April was a slow month in Lakey Peak. There were very few major swell events, but the Southern Indian ocean still managed to produce something. Most days there was a wave to surf, and the winds remained fairly light. With beautiful glassy conditions first thing and mild trades in the afternoon. The Peak had a crowd of regulars on it early, but it was less busy across the channel at Pipe, or down the road at Cobblestones. Or you could always wait until later in the day. Even with the trades blowing, Lakey Pipe was still usually clean. There were small barrels on offer for those willing to mix it up with the local kids, who were always taking off much deeper.

You could sense the seasons changing as May approached. The trade winds strengthened and started to blow from mid-morning. The forecasting apps lit up with back-to-back swells. It appeared the Southern Hemisphere winter was finally starting to get underway. Lines of heavy groundswell were soon marching in, slamming into the reefs at Peak and Pipe, and sending wide bumpy clean-up sets through Nungas. The dawn paddle out swiftly became a more tentative affair. Rather than rushing out for a few empty ones, you would be intently scanning the horizon, trying to gauge the size of the sets. Board selection started to become all-important. Paddling around the reef, only to discover that you were hopelessly under-gunned was never a good way to start the session.

The café on the beachfront became more crowded than the respective lineups. Previously enthusiastic surfers started to linger over their morning coffees while offering up half-baked excuses on why they weren’t heading out. Unfortunately, I wasn’t in a position to judge. I had paddled in often enough with my tail between my legs. During our first real run of swell, I chased a smaller wave in and missed it. When I turned around, a frightening hunk of ocean was building out in the deep blue depths. There was a panicked moment of indecision, as I contemplated a mad dash for the horizon. But there would be no escape this time. Resignation and fear curdled in my stomach as the wave stood tall. With nowhere else to go, I began desperately paddling back towards shore, hoping to give myself time to take an extra breath.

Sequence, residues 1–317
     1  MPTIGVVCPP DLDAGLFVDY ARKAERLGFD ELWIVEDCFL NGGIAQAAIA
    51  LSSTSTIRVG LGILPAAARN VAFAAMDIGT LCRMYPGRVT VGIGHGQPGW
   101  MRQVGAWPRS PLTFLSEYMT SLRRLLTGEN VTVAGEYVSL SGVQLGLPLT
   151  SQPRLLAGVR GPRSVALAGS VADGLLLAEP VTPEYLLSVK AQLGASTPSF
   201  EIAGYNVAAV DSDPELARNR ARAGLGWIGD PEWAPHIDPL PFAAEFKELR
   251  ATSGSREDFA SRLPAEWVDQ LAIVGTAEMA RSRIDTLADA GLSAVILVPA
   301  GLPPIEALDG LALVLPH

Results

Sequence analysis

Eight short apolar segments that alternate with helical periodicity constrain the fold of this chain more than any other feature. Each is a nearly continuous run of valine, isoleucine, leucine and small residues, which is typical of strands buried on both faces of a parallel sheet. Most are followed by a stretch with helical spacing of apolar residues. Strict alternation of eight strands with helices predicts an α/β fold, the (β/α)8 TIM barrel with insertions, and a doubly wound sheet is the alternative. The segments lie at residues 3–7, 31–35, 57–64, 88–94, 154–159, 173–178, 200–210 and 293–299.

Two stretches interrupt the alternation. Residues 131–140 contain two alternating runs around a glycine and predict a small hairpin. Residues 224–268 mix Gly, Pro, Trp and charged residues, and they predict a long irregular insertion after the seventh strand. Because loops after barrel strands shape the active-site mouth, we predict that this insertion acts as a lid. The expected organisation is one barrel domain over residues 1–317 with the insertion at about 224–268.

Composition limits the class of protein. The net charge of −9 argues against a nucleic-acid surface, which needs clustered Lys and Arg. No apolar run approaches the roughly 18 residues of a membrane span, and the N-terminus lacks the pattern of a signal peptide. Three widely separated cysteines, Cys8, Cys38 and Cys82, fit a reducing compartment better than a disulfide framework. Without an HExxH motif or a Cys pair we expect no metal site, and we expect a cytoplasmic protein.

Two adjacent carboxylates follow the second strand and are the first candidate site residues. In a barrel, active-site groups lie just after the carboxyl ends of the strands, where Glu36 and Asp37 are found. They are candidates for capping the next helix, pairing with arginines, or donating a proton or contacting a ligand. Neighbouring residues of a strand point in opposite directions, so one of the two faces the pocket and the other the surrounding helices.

The author making excellent use of the backside, bum-drag technique.

I’ve always found getting caught inside at solid Lakey Peak to be an especially difficult experience. The shape of the reef really concentrates the power of the wave. If you are unlucky enough to get stuck right in the impact zone, you are in some trouble. When that explosion of whitewater gets a hold of you, it’s a bit like being caught in an underwater tornado. The wave ragdolls you in these big circles, while you wrap your arms around your head, and pray that you don’t hit the coral. I ended up being flogged by every wave in the set, and was washed up under the photographer towers. It was an easy decision to call it a day and paddle in from there.

The waves continued through the first half of May. The swell just kept coming, and there were no flat days in between to rest tired shoulders and let the reef cuts heal. I definitely start to feel my age during extended runs of swell. The various aches and pains worsen with each passing day, requiring consistent yoga sessions to keep me in the water. A regular snooze also becomes very important. After a long nap one afternoon, I dragged myself out of the air-conditioning for a belated surf check. The winds had dropped and there were glassy empty overhead lines rolling through the reefs out front. I could feel my shoulders slump in resignation. It felt like I was teetering on the edge of exhaustion, but that didn’t really matter. The waves were pumping and the crowds would be back soon enough. I had to go surfing.